When you enter college/university, you’re expected to be more independent. In charge of your own schedule, responsible for figuring out your commute, deciding whether or not it’s best to attend your classes, committing to completing your assignments especially if working with other people, the list goes on. However, it’s important to remember that being independent doesn’t mean always being alone.
Staying Safe At School: Designate A Person To Frequently Contact
It’s a good idea to let someone know of your whereabouts often, whether your school is near or far from home. This could be a parent, close friend, or significant other. Whomever you trust, this person should be updated on where you go and when you arrive at these places. This is one way to stay safe at school.
Staying Safe At School: One Buddy Per Class
Another way to stay safe at school is by making at least one friend in each of your classes. When people think of making friends in post-secondary school, it’s usually for the purpose of having help and support to succeed in those classes. People we may interact with to simply keep as “Study Buddies” can also be people to rely on to stay safe at school.
There’s no need to become super close with them but having one person you’re friendly enough with is good. As humans we’re capable of being concerned about someone especially when some kindness is exchanged. Being able to contact someone or have them check on you in case you find yourself in a situation makes loved ones worry less.
I speak parting from a time when I was grateful to have a friend by my side when I suddenly felt ill during a class.
Luckily it was towards the end of class and I had no others to attend afterwards which meant I could go straight home. By that I mean start my commute to go home; I took public transportation which was at least an hour.
My cramps had kicked in very badly to the point that I could barely move. Though the pain was only coming from one area, every movement I made was difficult. The professor had dismissed us and my friend who was sitting beside me noticed I wasn’t packing up my things. I was holding my stomach and I think she could tell from my face exactly what I was experiencing. She offered to help me. We walked very slowly but I was able to make it to the washroom and even find somewhere to sit after so I could eat the sandwich I packed for lunch.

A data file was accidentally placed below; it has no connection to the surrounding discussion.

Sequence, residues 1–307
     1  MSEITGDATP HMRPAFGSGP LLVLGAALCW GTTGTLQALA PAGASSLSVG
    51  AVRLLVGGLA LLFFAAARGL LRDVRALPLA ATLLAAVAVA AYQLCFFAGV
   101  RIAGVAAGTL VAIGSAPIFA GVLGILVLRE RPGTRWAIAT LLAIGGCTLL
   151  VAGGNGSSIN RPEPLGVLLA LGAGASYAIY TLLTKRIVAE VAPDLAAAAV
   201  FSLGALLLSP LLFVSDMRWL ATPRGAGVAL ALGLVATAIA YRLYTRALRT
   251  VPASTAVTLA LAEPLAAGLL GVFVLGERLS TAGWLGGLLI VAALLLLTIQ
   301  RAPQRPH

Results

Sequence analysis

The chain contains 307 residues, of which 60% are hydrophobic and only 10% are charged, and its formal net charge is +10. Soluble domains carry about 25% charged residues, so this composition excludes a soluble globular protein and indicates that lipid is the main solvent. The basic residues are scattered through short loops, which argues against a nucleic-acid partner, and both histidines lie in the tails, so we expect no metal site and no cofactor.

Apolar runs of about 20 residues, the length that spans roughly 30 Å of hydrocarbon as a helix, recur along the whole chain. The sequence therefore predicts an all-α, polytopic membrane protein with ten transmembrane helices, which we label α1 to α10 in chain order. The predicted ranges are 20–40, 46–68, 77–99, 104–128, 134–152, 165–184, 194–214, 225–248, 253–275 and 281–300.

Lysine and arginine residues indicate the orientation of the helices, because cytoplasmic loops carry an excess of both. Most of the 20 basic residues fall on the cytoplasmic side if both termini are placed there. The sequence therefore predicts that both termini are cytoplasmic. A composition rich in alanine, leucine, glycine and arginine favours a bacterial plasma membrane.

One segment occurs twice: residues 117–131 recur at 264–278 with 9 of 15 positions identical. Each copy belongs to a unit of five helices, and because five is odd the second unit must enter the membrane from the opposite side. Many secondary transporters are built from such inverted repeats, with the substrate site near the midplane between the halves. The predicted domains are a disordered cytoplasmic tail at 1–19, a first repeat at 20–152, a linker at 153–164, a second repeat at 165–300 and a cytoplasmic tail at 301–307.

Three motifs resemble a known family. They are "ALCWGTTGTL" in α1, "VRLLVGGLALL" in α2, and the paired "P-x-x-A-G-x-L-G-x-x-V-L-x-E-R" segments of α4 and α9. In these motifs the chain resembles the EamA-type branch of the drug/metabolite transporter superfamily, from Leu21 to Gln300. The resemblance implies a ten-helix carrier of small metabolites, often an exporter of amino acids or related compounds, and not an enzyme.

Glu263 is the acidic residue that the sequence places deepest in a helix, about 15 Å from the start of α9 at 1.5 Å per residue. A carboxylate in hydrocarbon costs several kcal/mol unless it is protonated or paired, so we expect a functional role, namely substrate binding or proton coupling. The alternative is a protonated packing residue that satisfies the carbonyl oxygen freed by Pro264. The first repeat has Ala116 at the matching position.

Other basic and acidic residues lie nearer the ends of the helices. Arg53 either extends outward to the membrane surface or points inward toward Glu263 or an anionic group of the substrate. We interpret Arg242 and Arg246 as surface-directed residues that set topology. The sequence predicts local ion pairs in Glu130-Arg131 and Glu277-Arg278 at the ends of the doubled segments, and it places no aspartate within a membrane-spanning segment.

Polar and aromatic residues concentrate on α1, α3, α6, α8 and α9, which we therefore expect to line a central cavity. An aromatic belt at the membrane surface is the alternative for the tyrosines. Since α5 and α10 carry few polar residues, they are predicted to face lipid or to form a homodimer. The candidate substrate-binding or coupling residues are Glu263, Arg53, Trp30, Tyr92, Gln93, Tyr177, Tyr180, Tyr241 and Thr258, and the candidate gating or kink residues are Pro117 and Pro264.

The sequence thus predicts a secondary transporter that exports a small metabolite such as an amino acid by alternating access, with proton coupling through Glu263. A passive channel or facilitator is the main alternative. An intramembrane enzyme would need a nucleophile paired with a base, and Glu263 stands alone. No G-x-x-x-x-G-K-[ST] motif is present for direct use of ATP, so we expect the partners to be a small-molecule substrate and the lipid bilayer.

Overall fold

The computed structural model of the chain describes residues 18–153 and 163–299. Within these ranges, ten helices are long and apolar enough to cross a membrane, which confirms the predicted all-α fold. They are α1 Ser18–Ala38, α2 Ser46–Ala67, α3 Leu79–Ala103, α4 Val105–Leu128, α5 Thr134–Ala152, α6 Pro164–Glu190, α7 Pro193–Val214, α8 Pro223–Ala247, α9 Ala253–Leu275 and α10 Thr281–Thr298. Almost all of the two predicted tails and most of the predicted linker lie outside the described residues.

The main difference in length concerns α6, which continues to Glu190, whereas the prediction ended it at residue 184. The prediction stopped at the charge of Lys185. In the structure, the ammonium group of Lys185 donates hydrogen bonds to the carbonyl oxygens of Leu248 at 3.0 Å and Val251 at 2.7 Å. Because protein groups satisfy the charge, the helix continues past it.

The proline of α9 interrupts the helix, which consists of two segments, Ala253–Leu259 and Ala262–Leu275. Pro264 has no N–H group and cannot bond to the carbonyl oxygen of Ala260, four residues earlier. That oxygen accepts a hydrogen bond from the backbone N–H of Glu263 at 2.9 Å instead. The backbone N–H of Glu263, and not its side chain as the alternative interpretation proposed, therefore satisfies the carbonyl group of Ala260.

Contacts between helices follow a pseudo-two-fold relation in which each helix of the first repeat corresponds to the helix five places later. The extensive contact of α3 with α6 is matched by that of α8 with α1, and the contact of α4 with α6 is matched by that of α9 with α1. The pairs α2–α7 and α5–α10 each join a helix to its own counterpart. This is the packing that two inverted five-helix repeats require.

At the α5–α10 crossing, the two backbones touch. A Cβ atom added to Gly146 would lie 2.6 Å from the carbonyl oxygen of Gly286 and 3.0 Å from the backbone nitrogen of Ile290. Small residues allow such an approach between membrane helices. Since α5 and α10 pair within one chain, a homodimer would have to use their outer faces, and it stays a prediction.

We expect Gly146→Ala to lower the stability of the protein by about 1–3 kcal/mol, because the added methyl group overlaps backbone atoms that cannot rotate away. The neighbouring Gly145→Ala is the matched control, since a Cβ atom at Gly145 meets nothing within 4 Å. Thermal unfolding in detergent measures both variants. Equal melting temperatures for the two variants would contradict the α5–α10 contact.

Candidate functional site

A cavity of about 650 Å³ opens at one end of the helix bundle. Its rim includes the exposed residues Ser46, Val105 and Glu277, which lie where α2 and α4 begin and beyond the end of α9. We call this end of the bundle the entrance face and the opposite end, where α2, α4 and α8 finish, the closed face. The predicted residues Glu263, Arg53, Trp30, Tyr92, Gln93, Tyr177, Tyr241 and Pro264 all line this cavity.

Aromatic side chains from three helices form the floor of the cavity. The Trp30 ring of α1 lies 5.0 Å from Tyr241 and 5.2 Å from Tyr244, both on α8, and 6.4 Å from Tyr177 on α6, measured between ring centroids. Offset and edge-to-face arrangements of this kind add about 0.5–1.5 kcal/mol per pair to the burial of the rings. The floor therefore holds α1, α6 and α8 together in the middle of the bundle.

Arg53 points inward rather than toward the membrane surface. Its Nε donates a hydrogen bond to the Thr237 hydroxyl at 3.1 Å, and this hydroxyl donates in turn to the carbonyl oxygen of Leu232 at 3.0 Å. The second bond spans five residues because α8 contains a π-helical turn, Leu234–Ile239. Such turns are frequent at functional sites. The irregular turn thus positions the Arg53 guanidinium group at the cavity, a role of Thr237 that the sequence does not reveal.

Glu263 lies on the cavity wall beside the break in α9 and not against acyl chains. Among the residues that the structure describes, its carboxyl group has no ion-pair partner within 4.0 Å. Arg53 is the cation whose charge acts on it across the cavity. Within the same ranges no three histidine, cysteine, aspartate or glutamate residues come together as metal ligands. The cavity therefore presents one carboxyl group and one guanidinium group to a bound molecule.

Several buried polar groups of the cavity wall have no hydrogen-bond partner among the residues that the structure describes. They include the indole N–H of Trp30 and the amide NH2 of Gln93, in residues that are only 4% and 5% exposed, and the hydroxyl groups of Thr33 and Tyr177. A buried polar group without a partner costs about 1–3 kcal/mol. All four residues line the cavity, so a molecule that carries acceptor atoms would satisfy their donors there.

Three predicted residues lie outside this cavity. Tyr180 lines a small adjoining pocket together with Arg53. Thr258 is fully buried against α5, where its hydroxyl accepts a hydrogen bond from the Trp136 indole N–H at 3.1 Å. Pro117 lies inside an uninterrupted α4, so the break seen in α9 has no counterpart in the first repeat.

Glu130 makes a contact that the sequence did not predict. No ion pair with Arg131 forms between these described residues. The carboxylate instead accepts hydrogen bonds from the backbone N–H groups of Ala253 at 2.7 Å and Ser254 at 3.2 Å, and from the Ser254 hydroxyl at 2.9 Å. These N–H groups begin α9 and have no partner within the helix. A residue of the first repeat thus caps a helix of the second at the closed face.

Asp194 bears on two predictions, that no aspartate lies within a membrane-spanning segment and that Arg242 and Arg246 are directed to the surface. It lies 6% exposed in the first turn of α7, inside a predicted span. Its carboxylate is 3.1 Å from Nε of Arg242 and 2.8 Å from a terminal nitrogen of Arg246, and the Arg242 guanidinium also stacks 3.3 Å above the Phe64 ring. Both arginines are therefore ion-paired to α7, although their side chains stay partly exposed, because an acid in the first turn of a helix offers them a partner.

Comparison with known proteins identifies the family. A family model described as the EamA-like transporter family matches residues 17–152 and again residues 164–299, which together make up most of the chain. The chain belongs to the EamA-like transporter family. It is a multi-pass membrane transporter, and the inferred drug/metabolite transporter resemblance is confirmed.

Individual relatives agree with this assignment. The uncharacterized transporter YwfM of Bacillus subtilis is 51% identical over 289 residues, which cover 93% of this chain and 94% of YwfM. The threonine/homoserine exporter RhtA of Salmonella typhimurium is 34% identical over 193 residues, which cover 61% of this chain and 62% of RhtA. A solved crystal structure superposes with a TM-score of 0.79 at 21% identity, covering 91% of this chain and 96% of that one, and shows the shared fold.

My friend was supposed to meet with her cousin who instead came over and met up with us. They were kind enough to even walk with me to the subway station and make sure I was alright. I honestly don’t know if I would’ve been able to make it home without them. Usually when I get these “cramp attacks” it takes about 2 hours for the pain medication to help me feel okay enough. At the time, I texted my mom that I was hanging out with a friend for a bit before going home, so she wouldn’t worry (I told her the truth when I arrived home).
I’m so thankful there was someone who knew what I was going through and was kind enough to spare some of their time so I felt safe at school and could make it home comfortably.
Staying Safe At School: Walk Safe/Escort Programs
Check out the services your school offers in terms of safety and security. These may be especially useful for those that have class in the evenings. During the winter semester when it gets darker faster, you may prefer to have someone walk you to your destination if you don’t have a friend to go with.
Ontario Tech University – Campus Walk program
Ryerson University – WalkSafe Program
York University – goSAFE
To summarize the three tips in this blog for staying safe at school, they are:
1) Have at least 1 buddy per class
2) Update a friend or family member of your whereabouts
3) Save information about the safety services your school offers
I hope you never feel unsafe at school but you should also not get too comfortable. It’s still important to be careful and aware of your surroundings. Thank you for reading and if you’re worried about someone, don’t hesitate to reach out and be the one to help them feel safe at school.
Graduate from Ryerson University & Lead Content Writer at Parting Stories.